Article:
On this side of the globe, by contrast, we're still loading up on verbal spitballs. In lieu of serious conversations about serious questions about energy policy and climate - even the skeptics understand the two are related - it's `gotcha' time. First you had Senator Jim DeMint of South Carolina tweeting during the recent record-breaking snowstorm which blanketed Washington that "it is going to keep snowing until Al Gore cries "uncle.'" That was followed by a media stunt starring family members of Senator James Inhofe of Oklahoma, who mocked the former vice president by building an igloo next to the Capitol with a sign that read, "Al Gore's New Home."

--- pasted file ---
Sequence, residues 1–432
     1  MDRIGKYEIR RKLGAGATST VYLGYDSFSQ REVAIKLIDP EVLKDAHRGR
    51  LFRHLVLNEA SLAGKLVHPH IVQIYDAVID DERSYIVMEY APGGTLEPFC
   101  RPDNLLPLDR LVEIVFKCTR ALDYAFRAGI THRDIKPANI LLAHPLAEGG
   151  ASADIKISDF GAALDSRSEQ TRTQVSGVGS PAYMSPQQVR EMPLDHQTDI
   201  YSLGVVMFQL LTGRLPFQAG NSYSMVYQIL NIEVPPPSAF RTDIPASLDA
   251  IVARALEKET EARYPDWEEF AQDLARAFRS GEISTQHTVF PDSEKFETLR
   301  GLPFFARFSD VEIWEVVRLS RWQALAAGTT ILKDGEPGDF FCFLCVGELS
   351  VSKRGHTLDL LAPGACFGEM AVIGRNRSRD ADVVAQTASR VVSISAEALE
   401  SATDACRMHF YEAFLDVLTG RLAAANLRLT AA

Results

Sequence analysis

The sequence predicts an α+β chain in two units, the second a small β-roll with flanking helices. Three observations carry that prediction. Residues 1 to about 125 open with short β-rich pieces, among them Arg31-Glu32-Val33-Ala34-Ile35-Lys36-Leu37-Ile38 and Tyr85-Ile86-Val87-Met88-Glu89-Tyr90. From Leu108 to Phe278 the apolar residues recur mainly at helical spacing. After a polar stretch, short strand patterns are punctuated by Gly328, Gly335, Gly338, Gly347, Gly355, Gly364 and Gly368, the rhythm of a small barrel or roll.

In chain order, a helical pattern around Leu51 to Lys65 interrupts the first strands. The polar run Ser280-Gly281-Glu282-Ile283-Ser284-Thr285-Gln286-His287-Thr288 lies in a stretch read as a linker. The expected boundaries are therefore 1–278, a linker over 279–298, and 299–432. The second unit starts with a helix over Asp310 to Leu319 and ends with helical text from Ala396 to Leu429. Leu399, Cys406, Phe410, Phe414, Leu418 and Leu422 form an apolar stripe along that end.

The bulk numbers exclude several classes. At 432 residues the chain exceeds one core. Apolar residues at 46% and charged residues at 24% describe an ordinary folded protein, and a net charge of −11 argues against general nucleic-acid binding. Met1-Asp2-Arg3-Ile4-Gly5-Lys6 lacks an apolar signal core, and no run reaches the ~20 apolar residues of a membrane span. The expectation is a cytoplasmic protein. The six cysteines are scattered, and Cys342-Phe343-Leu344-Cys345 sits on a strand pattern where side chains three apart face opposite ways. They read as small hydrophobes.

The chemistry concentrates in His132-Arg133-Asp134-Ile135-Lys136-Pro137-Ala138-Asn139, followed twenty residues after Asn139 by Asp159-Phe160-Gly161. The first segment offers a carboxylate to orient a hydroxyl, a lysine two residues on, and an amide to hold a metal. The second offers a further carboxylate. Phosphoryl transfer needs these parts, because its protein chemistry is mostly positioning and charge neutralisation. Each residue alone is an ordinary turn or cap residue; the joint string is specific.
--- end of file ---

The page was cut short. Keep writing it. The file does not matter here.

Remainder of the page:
If some politicians are so keen to take victory laps because the east coast got nailed by an especially cold winter, God bless. It's too easy to caricature DeMint and Inhofe as intellectual troglodytes, but their trivialization of what should be a serious policy debate does carry real-world implications for U.S. competitiveness.
In his recent piece, the New York Times' Tom Friedman noted the (dismal) contrast with China, where that government is making big investments in "clean-tech, efficiency and high-speed rail." With the world population heading for 9 billion-plus souls by mid-century, you'd think the arguments for our getting behind major renewable energy and clean water would be no-brainers.
Not in contemporary Washington, where dysfunction has become a way of life in a real winter of discontent.